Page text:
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cataract

[kat-uh-rakt] /ˈkæt əˌrækt/
noun
1.
a descent of water over a steep surface; a waterfall, especially one of considerable size.
2.
any furious rush or downpour of water; deluge.
3.
Ophthalmology.
  1. an abnormality of the eye, characterized by opacity of the lens.
  2. the opaque area.
Origin
1350-1400
1350-1400; Middle English cataracte < Latin catar(r)acta < Greek katarráktēs waterfall, floodgate, portcullis (noun), downrushing (adj.), akin to katarássein to dash down, equivalent to kat- cata- + arássein to smite
Related forms
cataractal, cataractous, adjective
cataracted, adjective
Dictionary.com Unabridged
Based on the Random House Dictionary, © Random House, Inc. 2014.
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Examples from the web for cataract
  • One section requires working your way up a waterfall, and another leads behind a cataract.
  • To make cataract treatment available to more people around the world, a less-invasive, less-expensive technique is needed.
  • Patients needing operations such as cataract removals no longer have to wait for ages.
  • Enough money was raised to perform cataract surgery, successfully replace his lenses, and enable breeding to resume.
  • First, she had cataract surgery that left her vision worse.
  • Had to trim plastic sleeve with razor knife a bit to get to work with cataract oar.
  • It sometimes occurs after certain types of eye surgery, such as cataract surgery.
  • Patients who are planning cataract or other eye surgery should be sure to inform their doctors prior to the surgery.
  • Even if a cataract does progress, it may be years before it interferes with vision.
  • If a cataract is not bothersome, then surgery is usually not necessary.
British Dictionary definitions for cataract

cataract

/ˈkætəˌrækt/
noun
1.
a large waterfall or rapids
2.
a deluge; downpour
3.
(pathol)
  1. partial or total opacity of the crystalline lens of the eye
  2. the opaque area
Word Origin
C15: from Latin catarracta, from Greek katarrhaktēs, from katarassein to dash down, from arassein to strike
Collins English Dictionary - Complete & Unabridged 2012 Digital Edition
© William Collins Sons & Co. Ltd. 1979, 1986 © HarperCollins
Publishers 1998, 2000, 2003, 2005, 2006, 2007, 2009, 2012
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Word Origin and History for cataract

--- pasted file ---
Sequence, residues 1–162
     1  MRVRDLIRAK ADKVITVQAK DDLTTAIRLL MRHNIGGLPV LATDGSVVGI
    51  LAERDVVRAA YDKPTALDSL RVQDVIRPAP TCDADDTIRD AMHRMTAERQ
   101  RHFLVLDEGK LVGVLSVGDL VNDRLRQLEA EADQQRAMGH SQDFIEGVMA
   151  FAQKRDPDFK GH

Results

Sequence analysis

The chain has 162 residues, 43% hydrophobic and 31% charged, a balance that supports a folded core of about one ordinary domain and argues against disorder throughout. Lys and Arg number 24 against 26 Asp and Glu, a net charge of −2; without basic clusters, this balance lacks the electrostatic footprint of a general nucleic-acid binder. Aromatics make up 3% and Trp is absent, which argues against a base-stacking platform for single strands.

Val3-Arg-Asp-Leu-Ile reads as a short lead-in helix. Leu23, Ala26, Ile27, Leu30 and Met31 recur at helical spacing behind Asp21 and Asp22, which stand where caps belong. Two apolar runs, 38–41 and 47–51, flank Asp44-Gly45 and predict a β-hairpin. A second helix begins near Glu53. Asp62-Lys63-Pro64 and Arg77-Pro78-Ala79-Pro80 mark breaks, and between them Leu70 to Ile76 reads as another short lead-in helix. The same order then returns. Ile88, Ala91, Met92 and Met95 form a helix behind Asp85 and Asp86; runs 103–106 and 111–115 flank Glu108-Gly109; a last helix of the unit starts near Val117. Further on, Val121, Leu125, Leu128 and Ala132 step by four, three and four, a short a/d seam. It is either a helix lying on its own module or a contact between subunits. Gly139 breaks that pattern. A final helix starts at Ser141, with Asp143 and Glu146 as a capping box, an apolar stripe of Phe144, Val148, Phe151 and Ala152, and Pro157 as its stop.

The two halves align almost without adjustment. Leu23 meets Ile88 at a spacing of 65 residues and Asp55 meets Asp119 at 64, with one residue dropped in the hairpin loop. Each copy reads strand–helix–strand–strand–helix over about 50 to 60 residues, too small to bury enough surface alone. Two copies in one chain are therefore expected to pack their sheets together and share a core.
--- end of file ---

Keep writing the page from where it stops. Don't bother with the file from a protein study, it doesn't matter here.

n.

early 15c., "a waterfall, floodgate," from Latin cataracta "waterfall," from Greek katarhaktes "waterfall, broken water; a kind of portcullis," noun use of an adjective compound meaning "swooping, down-rushing," from kata "down" (see cata-). The second element is traced either to arhattein "to strike hard" (in which case the compound is kat-arrhattein), or to rhattein "to dash, break."

Its alternative sense in Latin of "portcullis" probably was passed through French to form the English meaning "eye disease" (early 15c.), on the notion of "obstruction" (to eyesight).

Online Etymology Dictionary, © 2010 Douglas Harper
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cataract in Medicine

cataract cat·a·ract (kāt'ə-rākt')
n.
Opacity of the lens or capsule of the eye, causing impairment of vision or blindness.


cat'a·rac'tous (-rāk'təs) adj.
The American Heritage® Stedman's Medical Dictionary
Copyright © 2002, 2001, 1995 by Houghton Mifflin Company. Published by Houghton Mifflin Company.
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cataract in Science
cataract
  (kāt'ə-rākt')   
  1. An opacity of the lens of the eye or the membrane that covers it, causing impairment of vision or blindness.

  2. A waterfall in which a large volume of water flows over a steep precipice.


The American Heritage® Science Dictionary
Copyright © 2002. Published by Houghton Mifflin. All rights reserved.
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cataract in Culture
cataract [(kat-uh-rakt)]

A loss in the transparency of the lens of the eye, which reduces a person's ability to see. The condition can be treated by surgically removing the lens and replacing it with an artificial one, or with corrective eyeglasses or contact lenses.

The American Heritage® New Dictionary of Cultural Literacy, Third Edition
Copyright © 2005 by Houghton Mifflin Company.
Published by Houghton Mifflin Company. All rights reserved.
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